Fed to Blame for One-Way Global Rate Increases: Cutting Research

The U.S.’s heft in the world economy means its monetary policy can send shock waves abroad.

That’s the conclusion of a Sept. 5 analysis by economists Nathan Sheets and Robert A. Sockin of Citigroup Inc., who seek to explain why long-term bond yields have risen across countries as the Federal Reserve signaled it may withdraw stimulus -- even as counterparts elsewhere pledge to keep policy loose.

The increase is driven by the U.S.’s “special role” in the world economy, meaning that the eventual tightening of Fed monetary policy will have significant implications for global growth, the authors said.

“The role of the United States may be diminished relative to a decade or two ago, but it is clearly still significant,” they wrote.

They found that the linkages only work one way: Events in the U.S. tend to influence growth and inflation in the euro area, the U.K. and key emerging markets. Those central banks then have to respond. The U.S. economy, by contrast, is less responsive to developments elsewhere.

A 100-basis-point tightening in U.S. policy translates over two quarters into a rise of as much as 25 basis points in the euro region and U.K., Sheets and Sockin estimated.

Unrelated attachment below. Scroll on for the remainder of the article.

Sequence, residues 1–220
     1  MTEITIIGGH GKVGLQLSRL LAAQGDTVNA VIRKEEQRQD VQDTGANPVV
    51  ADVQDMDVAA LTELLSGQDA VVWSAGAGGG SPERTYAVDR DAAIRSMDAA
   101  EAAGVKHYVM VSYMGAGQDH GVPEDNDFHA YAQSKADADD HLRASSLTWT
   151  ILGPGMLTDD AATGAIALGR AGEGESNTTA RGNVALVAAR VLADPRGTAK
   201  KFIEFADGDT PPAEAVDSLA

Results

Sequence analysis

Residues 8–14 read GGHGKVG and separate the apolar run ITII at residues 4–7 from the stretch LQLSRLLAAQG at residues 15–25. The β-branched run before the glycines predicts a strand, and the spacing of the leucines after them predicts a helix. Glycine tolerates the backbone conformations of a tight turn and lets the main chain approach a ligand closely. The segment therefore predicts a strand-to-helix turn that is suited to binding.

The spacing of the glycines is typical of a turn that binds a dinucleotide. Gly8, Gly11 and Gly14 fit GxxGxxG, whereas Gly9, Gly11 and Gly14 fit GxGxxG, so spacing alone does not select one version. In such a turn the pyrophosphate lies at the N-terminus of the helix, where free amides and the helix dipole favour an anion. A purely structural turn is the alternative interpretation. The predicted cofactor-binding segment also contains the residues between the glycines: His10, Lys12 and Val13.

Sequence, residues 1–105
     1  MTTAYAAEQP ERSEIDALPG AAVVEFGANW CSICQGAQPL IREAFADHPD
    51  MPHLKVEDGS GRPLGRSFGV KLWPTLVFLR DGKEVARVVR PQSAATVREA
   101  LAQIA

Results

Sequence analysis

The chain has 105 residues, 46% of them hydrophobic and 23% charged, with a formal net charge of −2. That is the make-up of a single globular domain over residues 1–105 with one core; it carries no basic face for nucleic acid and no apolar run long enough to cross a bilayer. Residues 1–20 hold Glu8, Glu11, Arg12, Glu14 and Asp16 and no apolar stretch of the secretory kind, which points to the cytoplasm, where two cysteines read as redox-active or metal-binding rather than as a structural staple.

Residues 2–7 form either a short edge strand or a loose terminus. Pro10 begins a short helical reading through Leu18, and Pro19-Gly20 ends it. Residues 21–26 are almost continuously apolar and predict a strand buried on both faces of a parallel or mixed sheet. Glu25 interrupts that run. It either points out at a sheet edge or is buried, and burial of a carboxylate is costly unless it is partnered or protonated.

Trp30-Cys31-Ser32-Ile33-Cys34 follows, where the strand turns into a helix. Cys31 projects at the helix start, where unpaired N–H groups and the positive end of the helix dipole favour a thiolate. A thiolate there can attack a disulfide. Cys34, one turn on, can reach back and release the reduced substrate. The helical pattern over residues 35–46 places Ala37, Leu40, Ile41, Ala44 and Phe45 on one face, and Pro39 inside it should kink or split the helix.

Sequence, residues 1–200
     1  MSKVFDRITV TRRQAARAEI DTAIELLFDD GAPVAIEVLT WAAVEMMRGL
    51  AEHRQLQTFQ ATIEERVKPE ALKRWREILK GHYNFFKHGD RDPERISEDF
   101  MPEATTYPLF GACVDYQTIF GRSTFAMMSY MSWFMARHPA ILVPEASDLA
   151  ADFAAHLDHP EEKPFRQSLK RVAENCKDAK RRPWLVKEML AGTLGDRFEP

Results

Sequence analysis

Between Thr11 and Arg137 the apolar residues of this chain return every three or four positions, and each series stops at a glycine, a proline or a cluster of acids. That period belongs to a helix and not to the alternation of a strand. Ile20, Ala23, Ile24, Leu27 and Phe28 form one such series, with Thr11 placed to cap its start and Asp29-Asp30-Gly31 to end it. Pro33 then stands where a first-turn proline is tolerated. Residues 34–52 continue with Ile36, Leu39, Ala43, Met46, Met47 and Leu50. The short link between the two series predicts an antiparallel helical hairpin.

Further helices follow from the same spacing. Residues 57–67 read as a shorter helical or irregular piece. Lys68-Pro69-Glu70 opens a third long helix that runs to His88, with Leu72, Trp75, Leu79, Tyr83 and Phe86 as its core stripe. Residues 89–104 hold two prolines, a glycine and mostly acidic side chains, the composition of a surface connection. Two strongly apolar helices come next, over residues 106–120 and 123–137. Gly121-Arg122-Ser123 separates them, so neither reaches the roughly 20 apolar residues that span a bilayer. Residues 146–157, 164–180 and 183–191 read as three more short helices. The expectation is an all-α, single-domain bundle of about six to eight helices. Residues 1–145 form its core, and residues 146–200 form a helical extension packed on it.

The lesson for the Fed’s counterparts is that once the U.S. does pull back on monetary support, they may need to deploy policies to shield themselves. One example is using so-called forward guidance to signal benchmark rates will stay low.

The worry is, “these tools strike us as limited and imperfect,” the Citigroup economists said.

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The world economy is passing from an age of commodities to an age of consumer durables, according to Goldman Sachs Group Inc.

Looking across 44 nations over 40 years, Goldman Sachs economists led by New York-based Dominic Wilson found the growth rate of commodity spending has peaked and is likely to decline.

As economies such as China become richer, there will instead be a jump in global demand for high-end durable goods, they said. For the so-called BRIC economies of Brazil, Russia, India and China, the peak in demand for such products will come in the next decade, said Goldman Sachs.

The projections of the Sept. 9 report are for emerging-market purchases of durables and services to outstrip those of developed countries by 2040. By then the service markets of developing nations will be bigger than those of all developed nations put together. Emerging-market demand for consumer durables will reach a similar point by 2030.

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The most transparent central banks as of 2010 were those of Sweden, New Zealand and Hungary, according to a review of 120 monetary policy institutions.

In the study, published this month by South Korea’s central bank, economists N. Nergiz Dincer of Turkey’s State Planning Organization and Barry Eichengreen of the University of California, Berkeley, reported a “steady movement in the direction of greater transparency and independence” since 1998.